We stumbled on Palosanto on one of the many tapas and pintxos crawls we undertook to discover where to eat in Barcelona. Tucked into a bend on Rambla del Raval (and not too far from El Gat de Botero, a sculpture I can only assume is based on Simon’s Cat), Palosanto appears pretty unassuming from first glance.
Palosanto: The Best Tapas in Barcelona
But inside, golden wood tones and relaxing earthy greens create a cozily intimate vibe. There are fewer than ten tables (most of them seat two people), plus a counter with a few stools, and four tables outside. Music, conversation, and a steady patter from the friendly staff keeps the place humming.
As you look around, you’ll notice dozens of hand-done drawings—crayon on heavy drawing paper—are framed on the wall. It takes a moment to realize there’s a can of crayons and a sketchbook at each table, and that the restaurant warmly encourages you to “express your art”. The sketchbooks are filled with all kinds of drawings: dogs, Gaudi, beaches, nudes, portraits. Some are shit. Others are surprisingly decent.
A note on the menu reads, “Please be patient, good food takes time.” I’m going to say it now—it was all worth the wait. We visited Palosanto on two occasions, once for a weeknight tapas stop and once for a weekend brunch. For dinner, the menu needn’t have warned us. The service was quick enough that I barely got a foundational sketch in our table’s canvas book. For brunch, I had a bit longer, as the restaurant opens an hour before the kitchen does. Which brings us to the food!
The tapas to order
We ordered the chicken fingers, which were breaded in a thick layer of breadcrumbs and came with some sort of pineapple mustard. I’d be willing to trade my dog for a jar of that mustard, it was so good.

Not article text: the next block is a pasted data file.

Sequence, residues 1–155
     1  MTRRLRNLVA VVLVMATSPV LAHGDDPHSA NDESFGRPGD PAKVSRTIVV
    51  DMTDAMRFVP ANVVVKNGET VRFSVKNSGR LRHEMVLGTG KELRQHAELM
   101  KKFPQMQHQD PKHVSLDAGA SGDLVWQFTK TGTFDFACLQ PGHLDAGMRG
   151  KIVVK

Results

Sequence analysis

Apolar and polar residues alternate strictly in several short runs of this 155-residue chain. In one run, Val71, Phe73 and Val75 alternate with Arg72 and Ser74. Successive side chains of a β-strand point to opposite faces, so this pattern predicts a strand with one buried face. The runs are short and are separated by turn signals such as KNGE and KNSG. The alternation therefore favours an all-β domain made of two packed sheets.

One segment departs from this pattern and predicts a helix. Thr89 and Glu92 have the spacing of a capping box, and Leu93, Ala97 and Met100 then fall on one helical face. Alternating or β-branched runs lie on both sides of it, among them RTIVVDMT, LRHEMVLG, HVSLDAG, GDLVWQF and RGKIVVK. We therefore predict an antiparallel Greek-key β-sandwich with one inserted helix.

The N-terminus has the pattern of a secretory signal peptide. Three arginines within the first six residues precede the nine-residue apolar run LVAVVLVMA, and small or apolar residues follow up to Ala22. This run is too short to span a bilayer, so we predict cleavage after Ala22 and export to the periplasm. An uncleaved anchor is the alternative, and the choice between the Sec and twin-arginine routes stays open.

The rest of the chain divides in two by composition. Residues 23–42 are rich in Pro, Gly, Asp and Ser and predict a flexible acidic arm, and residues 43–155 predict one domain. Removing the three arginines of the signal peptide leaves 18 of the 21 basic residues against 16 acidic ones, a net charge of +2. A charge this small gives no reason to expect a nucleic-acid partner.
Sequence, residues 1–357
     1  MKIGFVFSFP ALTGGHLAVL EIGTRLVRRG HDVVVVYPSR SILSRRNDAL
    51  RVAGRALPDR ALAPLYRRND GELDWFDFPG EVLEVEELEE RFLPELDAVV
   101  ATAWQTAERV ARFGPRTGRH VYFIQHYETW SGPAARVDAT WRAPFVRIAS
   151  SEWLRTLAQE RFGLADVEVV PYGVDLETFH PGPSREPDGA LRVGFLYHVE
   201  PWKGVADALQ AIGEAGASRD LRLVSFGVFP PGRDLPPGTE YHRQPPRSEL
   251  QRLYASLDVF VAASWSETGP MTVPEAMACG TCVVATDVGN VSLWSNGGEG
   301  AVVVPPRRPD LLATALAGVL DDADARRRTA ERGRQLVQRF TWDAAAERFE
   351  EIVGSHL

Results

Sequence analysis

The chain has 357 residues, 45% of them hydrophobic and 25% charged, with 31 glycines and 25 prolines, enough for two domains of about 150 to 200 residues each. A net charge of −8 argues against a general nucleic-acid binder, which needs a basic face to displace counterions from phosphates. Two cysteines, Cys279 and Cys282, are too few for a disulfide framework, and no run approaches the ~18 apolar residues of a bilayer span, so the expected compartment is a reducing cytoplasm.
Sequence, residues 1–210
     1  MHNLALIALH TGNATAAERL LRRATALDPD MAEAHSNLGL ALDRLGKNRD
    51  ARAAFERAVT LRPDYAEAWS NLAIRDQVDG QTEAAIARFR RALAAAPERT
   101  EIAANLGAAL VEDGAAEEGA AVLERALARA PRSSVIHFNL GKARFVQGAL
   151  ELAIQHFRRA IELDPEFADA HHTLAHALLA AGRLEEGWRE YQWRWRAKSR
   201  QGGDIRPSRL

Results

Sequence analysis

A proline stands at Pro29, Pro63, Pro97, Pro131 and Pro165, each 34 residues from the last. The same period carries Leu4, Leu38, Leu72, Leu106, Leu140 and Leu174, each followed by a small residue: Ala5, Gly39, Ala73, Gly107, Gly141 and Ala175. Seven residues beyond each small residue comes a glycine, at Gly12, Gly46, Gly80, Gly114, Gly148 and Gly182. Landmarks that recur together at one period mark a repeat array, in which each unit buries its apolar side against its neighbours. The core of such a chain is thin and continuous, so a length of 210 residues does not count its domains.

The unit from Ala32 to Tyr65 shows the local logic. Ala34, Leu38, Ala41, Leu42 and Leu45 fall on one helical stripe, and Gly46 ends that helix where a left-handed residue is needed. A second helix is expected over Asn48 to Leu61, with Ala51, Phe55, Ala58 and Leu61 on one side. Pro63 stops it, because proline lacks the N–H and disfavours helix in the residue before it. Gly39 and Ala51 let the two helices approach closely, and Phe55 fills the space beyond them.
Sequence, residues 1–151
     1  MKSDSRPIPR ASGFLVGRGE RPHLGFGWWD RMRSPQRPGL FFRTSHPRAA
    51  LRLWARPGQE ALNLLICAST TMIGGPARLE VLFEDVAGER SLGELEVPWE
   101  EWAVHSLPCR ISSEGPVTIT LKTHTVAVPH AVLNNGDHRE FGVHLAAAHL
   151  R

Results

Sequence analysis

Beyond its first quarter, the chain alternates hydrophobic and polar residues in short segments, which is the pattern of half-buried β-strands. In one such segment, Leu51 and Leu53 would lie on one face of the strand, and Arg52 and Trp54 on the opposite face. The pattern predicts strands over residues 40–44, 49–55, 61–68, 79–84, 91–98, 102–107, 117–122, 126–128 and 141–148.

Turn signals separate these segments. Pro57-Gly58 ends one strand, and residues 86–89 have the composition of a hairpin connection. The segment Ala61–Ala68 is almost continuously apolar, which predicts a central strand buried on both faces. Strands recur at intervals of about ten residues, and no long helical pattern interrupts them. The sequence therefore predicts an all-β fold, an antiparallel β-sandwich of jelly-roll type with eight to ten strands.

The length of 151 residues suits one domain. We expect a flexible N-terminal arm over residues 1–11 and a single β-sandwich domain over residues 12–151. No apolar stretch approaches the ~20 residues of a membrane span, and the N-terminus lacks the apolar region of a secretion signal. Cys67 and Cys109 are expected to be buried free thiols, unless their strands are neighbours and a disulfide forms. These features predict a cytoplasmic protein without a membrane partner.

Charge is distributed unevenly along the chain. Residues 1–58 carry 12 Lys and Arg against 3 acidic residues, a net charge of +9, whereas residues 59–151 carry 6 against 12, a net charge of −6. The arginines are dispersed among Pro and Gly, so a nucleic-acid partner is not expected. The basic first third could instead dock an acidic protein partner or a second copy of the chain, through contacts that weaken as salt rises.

We followed that up with an order of country bread with aioli and pesto—the aioli came thick as a slice of cheese, and the pesto was rich with garlic (so make sure your whole group eats it!).
The patatas bravas was served with a spicy red mojo sauce. The potatoes could have been a hit crispier in my opinion, but the sauce was finger-licking good. (Are you sensing a pattern?)
For a bit more protein, we went for the pork loin, cooked soft and decadent per the house recommendation.
To drink, Tim got a vermouth and I tried the sangria. I found the sangria at Palosanto to be easily the best I had in Barcelona. Neither too sweet or too bitter, it had a pleasant kick and didn’t overwhelm any of the flavors of the food.
Three tapas and the bread were filling enough for a brunch. But because it’s holiday, and why not—we splurged and split a lemon cake. It came in a little jar, topped with toasted cream, and the perfect note of tart and sweet.
The portions were ideal for two people, which can be tricky with tapas. You got just enough of one flavor that you felt sated, but still considered ordering a second portion, just to enjoy. The menu was extremely varied, with plenty of options for seafood-lovers, meat-eaters, and vegetarians. I could have eaten there even a third time, if I’m honest.
On the door are a few stickers proclaiming it a TripAdvisor favorite, but in our research on the best tapas in Barcelona, Palosanto went largely unrecognized. So if you’re looking for a chill spot, far from the big crowds (or long lines), make sure you add this little gem to your list!